Brands have to do more than just meet expectations, they have to penetrate the built-in resistance to commit. That energy and insight has to be supplied by the performer, not the audience.
7. Don't Expect Everyone to Get It
Lenny Bruce, Richard Pryor, and Andy Kaufman were not for everyone, so their appeal was not as broad as Milton Berle, Jay Leno, or Jerry Seinfeld. Switch the core audiences between these groups of comedians and, from the response, you might conclude they were all lousy comics. Similarly, the audiences for a Toyota Prius and a Cadillac Escalade are not all that different demographically, but they don’t “get” cars the same way.
Good branding and design, like good comedy, is often the art of sacrifice. You are defined by who and what you’re not for, thus freeing you to excel within the audience that gets you.
8. You Can't Test Your Way to a Decision
Comedians know what they think is funny, but they can’t test their routines in a vacuum. They might try out new material in smaller clubs, after hours, before making it a part of their main act. Even so, there’s no guarantee that what works in one club will work in front of a larger audience in a different city.
Similarly, research predicted that New Coke and the new Tropicana packaging were sure-fire hits. Meanwhile, both Herman Miller’s Aeron chair and the Seinfeld pilot bombed in research.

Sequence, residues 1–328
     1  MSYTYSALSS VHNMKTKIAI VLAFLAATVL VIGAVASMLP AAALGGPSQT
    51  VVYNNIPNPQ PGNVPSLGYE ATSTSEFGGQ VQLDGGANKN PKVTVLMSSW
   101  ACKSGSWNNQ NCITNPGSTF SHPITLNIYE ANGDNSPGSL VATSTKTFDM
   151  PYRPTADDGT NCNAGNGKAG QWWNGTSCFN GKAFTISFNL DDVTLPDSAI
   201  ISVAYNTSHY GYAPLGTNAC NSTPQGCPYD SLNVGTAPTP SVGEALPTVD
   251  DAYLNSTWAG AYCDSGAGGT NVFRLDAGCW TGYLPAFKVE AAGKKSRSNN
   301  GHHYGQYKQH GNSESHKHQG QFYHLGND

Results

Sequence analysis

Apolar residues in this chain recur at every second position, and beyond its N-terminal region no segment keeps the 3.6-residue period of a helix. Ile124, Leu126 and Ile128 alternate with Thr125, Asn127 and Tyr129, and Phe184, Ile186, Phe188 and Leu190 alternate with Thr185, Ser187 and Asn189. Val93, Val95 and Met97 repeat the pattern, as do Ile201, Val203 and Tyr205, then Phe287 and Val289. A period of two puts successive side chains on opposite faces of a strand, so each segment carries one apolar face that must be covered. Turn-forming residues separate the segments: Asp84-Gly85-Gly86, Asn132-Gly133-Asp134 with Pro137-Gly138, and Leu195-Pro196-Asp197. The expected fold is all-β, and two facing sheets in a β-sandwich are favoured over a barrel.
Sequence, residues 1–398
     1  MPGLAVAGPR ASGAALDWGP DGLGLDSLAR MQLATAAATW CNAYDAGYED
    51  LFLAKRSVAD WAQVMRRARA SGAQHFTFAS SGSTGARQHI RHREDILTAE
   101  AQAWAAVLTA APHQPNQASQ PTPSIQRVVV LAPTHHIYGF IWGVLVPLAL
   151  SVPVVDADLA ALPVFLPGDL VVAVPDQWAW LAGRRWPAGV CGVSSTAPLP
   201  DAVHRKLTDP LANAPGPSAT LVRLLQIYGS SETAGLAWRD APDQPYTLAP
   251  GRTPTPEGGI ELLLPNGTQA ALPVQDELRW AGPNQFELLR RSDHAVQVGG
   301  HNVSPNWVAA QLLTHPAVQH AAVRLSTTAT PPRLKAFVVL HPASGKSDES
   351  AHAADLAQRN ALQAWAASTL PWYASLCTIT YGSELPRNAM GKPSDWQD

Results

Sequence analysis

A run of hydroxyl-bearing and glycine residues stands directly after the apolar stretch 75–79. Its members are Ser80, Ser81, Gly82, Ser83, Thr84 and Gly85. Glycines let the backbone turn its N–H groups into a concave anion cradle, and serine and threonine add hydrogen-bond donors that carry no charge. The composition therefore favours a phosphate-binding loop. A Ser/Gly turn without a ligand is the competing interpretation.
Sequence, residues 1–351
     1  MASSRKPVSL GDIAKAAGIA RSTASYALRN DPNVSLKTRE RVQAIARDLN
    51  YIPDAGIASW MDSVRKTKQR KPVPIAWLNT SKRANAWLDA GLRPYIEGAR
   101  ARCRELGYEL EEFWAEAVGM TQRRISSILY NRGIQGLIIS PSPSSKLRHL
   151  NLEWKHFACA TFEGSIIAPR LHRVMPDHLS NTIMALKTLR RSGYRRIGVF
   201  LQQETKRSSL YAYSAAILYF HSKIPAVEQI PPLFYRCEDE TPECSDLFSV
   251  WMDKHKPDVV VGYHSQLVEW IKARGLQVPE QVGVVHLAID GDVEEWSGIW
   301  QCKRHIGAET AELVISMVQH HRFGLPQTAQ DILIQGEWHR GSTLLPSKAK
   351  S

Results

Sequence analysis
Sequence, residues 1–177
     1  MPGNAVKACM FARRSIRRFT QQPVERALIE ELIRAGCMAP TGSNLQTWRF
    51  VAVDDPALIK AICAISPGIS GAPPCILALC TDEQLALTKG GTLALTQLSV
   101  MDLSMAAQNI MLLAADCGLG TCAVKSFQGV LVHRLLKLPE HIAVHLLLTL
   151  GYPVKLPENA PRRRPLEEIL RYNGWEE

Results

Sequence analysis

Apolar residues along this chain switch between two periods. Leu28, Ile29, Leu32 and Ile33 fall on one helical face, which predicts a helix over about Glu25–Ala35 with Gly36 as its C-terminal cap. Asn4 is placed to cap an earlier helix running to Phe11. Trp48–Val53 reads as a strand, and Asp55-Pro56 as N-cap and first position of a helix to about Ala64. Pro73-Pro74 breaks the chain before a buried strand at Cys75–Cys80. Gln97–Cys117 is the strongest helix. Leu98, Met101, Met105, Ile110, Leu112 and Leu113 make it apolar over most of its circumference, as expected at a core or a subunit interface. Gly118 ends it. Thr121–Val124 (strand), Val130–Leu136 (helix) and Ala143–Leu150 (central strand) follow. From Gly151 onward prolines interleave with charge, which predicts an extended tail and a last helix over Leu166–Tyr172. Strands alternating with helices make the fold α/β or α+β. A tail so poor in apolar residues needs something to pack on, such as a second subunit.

The problem is not that respondents lie or that the researchers are stupid. The biggest mistake is in the willingness to cede control of creative decisions to the consumer. Research is an aid to judgment, not a replacement for it. It still comes down to a judgment call, and that judgment should be based on understanding the consumer, not in asking their permission to proceed.
No, but seriously, folks...
Innovation, like comedy, is a messy, often counter-intuitive business. It’s an iterative loop of creation, feedback, revision, rejection, and creation again. Used correctly, research fuels the understanding that leads to real breakthroughs. In the wrong hands, it all but assures the death of originality.
So, I killed some frogs here, but if one more good idea sees the light of day, perhaps they did not die in vain.